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Power-Factor Correction Since the line voltage of a transmission system is fixed, the apparent power is directly related to the current level. In turn, the smaller the net apparent power, the smaller the current drawn from the supply. Minimum current is therefore drawn from a supply when S = P and Q T = 0.

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Power-Factor Correction The process of introducing reactive elements to bring the power factor closer to unity is called power-factor correction. Since most loads are inductive, the process normally involves introducing elements with capacitive terminal characteristics having the sole purpose of improving the power factor.

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19.10 – Power Meters The electrodynamometer wattmeter introduced in previous chapters can be used to measure the power in a dc or an ac network using the same connection strategy. It can be used to measure the wattage of any network with a periodic or a nonperiodic input.

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Power Meters When using a wattmeter, the operator must take care not to exceed the current, voltage, or wattage rating. The product of the voltage and current ratings may or may not equal the wattage rating. In the high-power-factor wattmeter, the product of the voltage and current ratings is usually equal to the wattage rating, or at least 80% of it. For a lower-power-factor wattmeter, the product of the current and voltage ratings is much greater than the wattage rating. The low-power-factor meter is used only in circuits with low power factors(total impedance highly reactive).

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Power Meters Power-factor meters are designed to read the power factor of a load under operating conditions. Most are designed to be used on single- or three-phase systems. Both the voltage and the current are typically measured using nonintrusive methods. Connections are made directly to the terminals for the voltage measurements. Clamp-on current transformers are used to sense the current level.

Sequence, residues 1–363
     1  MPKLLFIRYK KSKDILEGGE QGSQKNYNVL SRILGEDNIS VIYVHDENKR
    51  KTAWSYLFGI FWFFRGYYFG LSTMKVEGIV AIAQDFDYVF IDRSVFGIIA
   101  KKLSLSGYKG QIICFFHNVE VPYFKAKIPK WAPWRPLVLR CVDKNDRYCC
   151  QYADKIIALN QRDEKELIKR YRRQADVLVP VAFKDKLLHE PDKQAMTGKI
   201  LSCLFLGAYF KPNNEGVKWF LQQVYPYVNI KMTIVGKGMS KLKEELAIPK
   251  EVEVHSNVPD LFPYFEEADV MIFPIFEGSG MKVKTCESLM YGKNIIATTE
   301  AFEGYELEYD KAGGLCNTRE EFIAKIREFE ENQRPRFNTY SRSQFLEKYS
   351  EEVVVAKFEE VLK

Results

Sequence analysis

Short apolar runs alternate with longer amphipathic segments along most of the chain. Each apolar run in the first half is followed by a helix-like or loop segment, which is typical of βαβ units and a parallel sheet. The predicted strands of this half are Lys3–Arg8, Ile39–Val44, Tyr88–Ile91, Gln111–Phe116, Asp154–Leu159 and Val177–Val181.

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19.11 – Effective Resistance The resistance of a conductor as determined by the equation R = (l /A) is often called the dc, ohmic or geometric resistance. It is a constant quantity determined only by the material used and its physical dimensions. In ac circuits, the actual resistance of a conductor (called the effective resistance) differs from the dc resistance because of the varying currents and voltages that introduce effects not present in dc circuits. These effects include radiation losses, skin effect, eddy currents, and hysteresis losses. The first two effects apply to any network, while the latter two are concerned with the additional losses introduced by the presence of ferromagnetic materials in a changing magnetic field.

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Effective Resistance Experimental procedure The effective resistance of an ac circuit cannot be measured by the ratio V/ since this ratio is now the impedance of a circuit that may have both resistance and reactance. The effective resistance can be found by using the power equation P = 2 R, where A wattmeter and an ammeter are therefore necessary for measuring the effective resistance of an ac circuit.